It was found that these substances can be cured without problems by radical polymerization, materials being obtained which contain an extremely small proportion of soluble components. This result is surprising inasmuch as the state of the art suggests a distinct reduction in the polymerization rate when using initiators and accelerators with polymerizable groups, as both components are incorporated into the polymer network, which reduces the probability of reaction through steric and kinetic effects (Angiolini, loc. cit.). The joint use of a polymerizable initiator and a polymerizable accelerator for the radical polymerization of dental materials has not been described until now.
Monomers and oligomers with radically polymerizable groups are used as organic binders. By radically polymerizable groups are meant herein preferably ethylenically unsaturated groups and in particular (meth)acryl, allyl, styryl, vinyl, vinyloxy and/or vinylamine groups. According to the invention all binders which can be used for a dental material are suitable, in particular monomers and oligomers which have at least one ethylenically unsaturated group. Such monomers and oligomers can be used alone or in mixture. Preferably the binder contains at least one polyfunctional monomer or oligomer, i.e. a monomer or oligomer with two or more, preferably three or more and quite particularly preferably four or more polymerizable ethylenically unsaturated groups. Monomers and oligomers with two or more radically polymerizable groups act as crosslinking agents during the polymerization. Monomers or oligomers with only one radically polymerizable group are called monofunctional monomers or oligomers.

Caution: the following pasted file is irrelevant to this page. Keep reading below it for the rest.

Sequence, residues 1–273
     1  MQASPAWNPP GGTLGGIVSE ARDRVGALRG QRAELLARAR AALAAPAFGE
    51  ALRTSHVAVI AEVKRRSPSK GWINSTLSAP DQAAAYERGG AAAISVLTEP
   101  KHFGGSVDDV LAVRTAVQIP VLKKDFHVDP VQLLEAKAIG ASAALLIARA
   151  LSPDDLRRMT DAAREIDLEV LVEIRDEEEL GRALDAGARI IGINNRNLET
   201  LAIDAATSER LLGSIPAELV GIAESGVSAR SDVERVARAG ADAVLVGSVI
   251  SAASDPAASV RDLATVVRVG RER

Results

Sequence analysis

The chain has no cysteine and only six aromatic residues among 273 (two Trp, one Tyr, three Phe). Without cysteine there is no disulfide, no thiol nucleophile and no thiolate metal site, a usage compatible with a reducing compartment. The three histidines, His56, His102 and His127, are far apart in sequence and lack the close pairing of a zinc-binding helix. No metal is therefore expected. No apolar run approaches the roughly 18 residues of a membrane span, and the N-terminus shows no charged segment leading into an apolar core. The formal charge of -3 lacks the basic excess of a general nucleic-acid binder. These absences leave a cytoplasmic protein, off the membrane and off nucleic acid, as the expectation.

Polysiloxanes with polymerizable ethylenically unsaturated groups are particularly suitable as crosslinking agents and in particular (meth)acrylate-modified polysiloxanes which are accessible by hydrolytic condensation e.g. of corresponding (meth)acrylate-group-containing silanes. Particularly preferred are condensates which contain no non-functionalized silane units, i.e. polysiloxanes in which each siloxane-repetition unit has at least one, preferably two or three polymerizable ethylenically unsaturated groups. These polysiloxanes are characterized by a high functionality, i.e. a high number of polymerizable groups. Because of the high functionality a practically complete incorporation of the polysiloxanes into the cured dental material takes place. In addition, the polysiloxanes are also characterized by a low solubility in water or aqueous solutions, so that even very small non-polymerized proportions are not soluble out of the dental material under oral conditions, and therefore cannot be washed out either.